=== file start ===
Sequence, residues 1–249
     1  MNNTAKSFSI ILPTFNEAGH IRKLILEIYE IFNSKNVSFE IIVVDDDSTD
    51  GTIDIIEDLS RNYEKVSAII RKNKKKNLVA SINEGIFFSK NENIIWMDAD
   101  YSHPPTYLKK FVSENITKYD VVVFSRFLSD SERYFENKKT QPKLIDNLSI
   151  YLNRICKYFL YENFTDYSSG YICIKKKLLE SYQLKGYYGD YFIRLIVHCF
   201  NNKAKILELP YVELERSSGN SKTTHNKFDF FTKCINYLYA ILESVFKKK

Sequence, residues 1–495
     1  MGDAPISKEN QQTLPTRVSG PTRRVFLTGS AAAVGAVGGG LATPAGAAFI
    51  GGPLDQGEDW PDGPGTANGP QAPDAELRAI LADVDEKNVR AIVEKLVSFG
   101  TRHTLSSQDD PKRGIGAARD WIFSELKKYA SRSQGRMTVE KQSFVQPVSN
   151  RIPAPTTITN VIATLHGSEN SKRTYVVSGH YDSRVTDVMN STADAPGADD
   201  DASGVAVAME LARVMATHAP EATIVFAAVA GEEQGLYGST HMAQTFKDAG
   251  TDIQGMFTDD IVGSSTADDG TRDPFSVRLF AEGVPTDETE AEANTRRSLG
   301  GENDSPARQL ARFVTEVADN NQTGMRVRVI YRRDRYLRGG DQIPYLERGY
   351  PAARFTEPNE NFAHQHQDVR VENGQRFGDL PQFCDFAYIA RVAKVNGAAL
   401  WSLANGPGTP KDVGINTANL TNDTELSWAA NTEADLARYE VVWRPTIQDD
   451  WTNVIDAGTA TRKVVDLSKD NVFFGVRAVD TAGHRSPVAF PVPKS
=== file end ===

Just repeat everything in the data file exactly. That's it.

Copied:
Sequence, residues 1–249
     1  MNNTAKSFSI ILPTFNEAGH IRKLILEIYE IFNSKNVSFE IIVVDDDSTD
    51  GTIDIIEDLS RNYEKVSAII RKNKKKNLVA SINEGIFFSK NENIIWMDAD
   101  YSHPPTYLKK FVSENITKYD VVVFSRFLSD SERYFENKKT QPKLIDNLSI
   151  YLNRICKYFL YENFTDYSSG YICIKKKLLE SYQLKGYYGD YFIRLIVHCF
   201  NNKAKILELP YVELERSSGN SKTTHNKFDF FTKCINYLYA ILESVFKKK

Sequence, residues 1–495
     1  MGDAPISKEN QQTLPTRVSG PTRRVFLTGS AAAVGAVGGG LATPAGAAFI
    51  GGPLDQGEDW PDGPGTANGP QAPDAELRAI LADVDEKNVR AIVEKLVSFG
   101  TRHTLSSQDD PKRGIGAARD WIFSELKKYA SRSQGRMTVE KQSFVQPVSN
   151  RIPAPTTITN VIATLHGSEN SKRTYVVSGH YDSRVTDVMN STADAPGADD
   201  DASGVAVAME LARVMATHAP EATIVFAAVA GEEQGLYGST HMAQTFKDAG
   251  TDIQGMFTDD IVGSSTADDG TRDPFSVRLF AEGVPTDETE AEANTRRSLG
   301  GENDSPARQL ARFVTEVADN NQTGMRVRVI YRRDRYLRGG DQIPYLERGY
   351  PAARFTEPNE NFAHQHQDVR VENGQRFGDL PQFCDFAYIA RVAKVNGAAL
   401  WSLANGPGTP KDVGINTANL TNDTELSWAA NTEADLARYE VVWRPTIQDD
   451  WTNVIDAGTA TRKVVDLSKD NVFFGVRAVD TAGHRSPVAF PVPKS